Peninsula residents chip away at snowfall

Dolly Farnsworth has seen quite a few cold, harsh and snowy winters since she and her family homesteaded to the area in 1948.

 

The 89-year-old Soldotna resident said 138 inches of snow fell during her first winter on the Kenai Peninsula.

Winter life was a little bit tougher in those days, she said.

"We really had the snow that year," she said Saturday. "When we were on the beach we had to use snow to melt for our water because we didn't have a well because it was our first year on that fishing site. I remember that I could still go under the trees and gather snow on May 21, which was my husband's birthday. I never forgot that."

Although a few other winters come to mind, Farnsworth said this winter has been one of the snowiest she could remember.

"This snow is pretty bad," she said with a laugh.

Dan Peterson, a meteorologist with the National Weather Service in Anchorage agreed.

As of Friday evening, with snowflakes falling outside, Peterson said Anchorage was 3.2 inches away from breaking the 1954-1955 record of 132.6 inches.

"If we are at this level in Anchorage, I'm sure you are not far off from that," he said.

Peterson said there are no official snow records kept for the Kenai and Soldotna area.

A Friday evening snowfall left 2 to 5 inches of fresh snow around the area but temperatures rose to above freezing during the day Saturday and Sunday. Much of the same -- freezing nights followed by high 30-degree days -- will likely be the norm for a while, Peterson said.
"It's going to be sloppy," he said.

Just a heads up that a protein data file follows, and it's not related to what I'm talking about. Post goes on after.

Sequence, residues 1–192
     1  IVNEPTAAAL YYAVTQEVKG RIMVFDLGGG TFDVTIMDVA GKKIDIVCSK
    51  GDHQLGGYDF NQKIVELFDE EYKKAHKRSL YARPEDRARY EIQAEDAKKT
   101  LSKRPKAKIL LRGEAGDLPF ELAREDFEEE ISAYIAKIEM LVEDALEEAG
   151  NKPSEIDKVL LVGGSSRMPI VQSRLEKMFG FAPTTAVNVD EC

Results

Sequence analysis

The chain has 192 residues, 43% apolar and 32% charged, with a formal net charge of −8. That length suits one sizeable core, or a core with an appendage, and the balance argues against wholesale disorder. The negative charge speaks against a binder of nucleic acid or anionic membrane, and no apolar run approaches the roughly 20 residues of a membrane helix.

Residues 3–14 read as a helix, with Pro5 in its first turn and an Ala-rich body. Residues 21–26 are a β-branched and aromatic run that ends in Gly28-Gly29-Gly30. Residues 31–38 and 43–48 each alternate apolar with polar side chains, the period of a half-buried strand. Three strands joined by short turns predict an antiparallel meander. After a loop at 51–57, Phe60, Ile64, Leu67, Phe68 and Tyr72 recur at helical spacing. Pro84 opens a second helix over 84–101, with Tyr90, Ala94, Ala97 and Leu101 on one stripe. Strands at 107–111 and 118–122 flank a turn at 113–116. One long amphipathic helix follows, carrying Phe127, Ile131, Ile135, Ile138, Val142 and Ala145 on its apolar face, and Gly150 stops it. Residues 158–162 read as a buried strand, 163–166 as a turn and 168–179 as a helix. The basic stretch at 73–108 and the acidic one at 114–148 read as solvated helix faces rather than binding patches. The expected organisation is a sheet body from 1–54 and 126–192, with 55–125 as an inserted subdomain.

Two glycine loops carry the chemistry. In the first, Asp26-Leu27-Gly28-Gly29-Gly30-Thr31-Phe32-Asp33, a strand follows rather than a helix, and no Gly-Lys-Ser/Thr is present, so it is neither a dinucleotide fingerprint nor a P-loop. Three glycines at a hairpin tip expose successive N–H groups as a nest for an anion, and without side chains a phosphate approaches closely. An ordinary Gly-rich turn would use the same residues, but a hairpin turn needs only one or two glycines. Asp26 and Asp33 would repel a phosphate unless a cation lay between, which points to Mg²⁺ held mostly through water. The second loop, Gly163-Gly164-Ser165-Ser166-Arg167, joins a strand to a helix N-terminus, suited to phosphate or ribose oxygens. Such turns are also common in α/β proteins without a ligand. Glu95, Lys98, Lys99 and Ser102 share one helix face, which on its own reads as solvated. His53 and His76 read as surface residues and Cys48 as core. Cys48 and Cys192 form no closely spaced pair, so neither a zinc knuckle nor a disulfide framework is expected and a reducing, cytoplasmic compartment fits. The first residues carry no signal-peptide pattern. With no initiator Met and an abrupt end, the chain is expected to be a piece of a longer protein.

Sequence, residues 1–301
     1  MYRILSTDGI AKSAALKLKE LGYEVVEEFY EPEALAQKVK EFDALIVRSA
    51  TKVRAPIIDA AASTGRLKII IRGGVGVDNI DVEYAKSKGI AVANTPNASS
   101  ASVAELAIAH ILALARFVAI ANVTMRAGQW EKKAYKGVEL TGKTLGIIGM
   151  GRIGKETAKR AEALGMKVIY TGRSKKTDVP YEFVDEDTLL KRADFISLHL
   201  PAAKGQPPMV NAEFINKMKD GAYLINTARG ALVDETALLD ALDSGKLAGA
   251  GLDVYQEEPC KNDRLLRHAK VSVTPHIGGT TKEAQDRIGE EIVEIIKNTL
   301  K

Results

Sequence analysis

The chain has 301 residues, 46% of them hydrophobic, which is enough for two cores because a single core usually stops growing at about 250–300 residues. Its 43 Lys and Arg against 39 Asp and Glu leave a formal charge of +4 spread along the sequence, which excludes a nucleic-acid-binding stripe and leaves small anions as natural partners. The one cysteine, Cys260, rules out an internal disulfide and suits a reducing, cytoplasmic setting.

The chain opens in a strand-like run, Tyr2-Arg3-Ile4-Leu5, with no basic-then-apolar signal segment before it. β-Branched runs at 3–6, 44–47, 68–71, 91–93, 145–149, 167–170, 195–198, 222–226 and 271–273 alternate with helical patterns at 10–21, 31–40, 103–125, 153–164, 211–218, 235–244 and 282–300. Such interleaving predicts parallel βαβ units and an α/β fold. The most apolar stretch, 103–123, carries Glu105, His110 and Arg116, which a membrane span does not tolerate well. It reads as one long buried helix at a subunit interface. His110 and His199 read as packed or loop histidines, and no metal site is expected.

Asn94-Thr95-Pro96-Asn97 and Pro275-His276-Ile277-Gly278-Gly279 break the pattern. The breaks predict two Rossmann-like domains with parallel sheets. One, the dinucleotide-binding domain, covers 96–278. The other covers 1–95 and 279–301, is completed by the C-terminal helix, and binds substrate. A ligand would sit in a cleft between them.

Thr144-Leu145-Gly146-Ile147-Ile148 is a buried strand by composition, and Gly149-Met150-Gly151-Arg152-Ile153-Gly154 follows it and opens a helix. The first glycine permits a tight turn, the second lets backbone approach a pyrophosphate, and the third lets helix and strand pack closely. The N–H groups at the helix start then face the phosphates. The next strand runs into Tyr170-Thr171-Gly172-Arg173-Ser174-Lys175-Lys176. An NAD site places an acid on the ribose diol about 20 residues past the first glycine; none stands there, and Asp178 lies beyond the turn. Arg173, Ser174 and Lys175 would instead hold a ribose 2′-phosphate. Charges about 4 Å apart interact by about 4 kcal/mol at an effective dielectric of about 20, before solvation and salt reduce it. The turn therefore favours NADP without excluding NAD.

However, Peterson wouldn't venture a guess as to if this was one of the area's last snow storms.

"Remember April?" he said with a laugh. "I'm not going out on a limb that far."

He said in all likelihood the area would see one or two more "blasts of it" before old man winter retreats. But the good news is that just as this latest snow came and left quickly, so will other systems, Peterson said.

"These are not huge storms that just sit there and spin for days," he said. "You can see it on satellite  -- it's cooking through pretty quick. Of course there is one behind that, but it doesn't look like we are going to get much out of that one."

With massive snowfalls around the state, Peterson said breakup would also be one to remember.

"If it goes slow, maybe it will be OK, but if it gets warm and goes at once, man, we're in trouble," he said.

As usual, flooding is expected, he said.

"Somewhere -- every spring," he said. "Yeah, I'm sure it's going to be another one of those."

Forecasting the severity of breakup and flooding isn't easy, he said.

"It is how warm and what kind of winds and how much sun we are going to get and all those variables are thrown in there," he said. "If it's cloudy and we get no sun, then it is going to go slow."

Farnsworth said she's learned that tough winters always make the summers that much better.

"I can't wait for April to start," she said.

But even though this winter has been snowy, she said she could easily remember spats of icy weather that made living difficult -- even just the walk from the garage to the house.

"I can remember walking from there to the house and it would be 48 below," she said. "We had some real cold winters. I can remember one time, and that was in '72, that my daughter blew a breaker switch for the electricity in the house as she was using a sewing machine and when I got home half of the house was frozen."

Three straight weeks of 35 below -- as one winter brought later -- didn't make the living inside a wooden cabin easy either, she said.

"My husband would stay up at night to keep the stove going," she said. "He would sleep during the day and I would keep the fires going during the day. We had some rough times, I'll tell you."

Brian Smith can be reached at brian.smith@peninsulaclarion.com.

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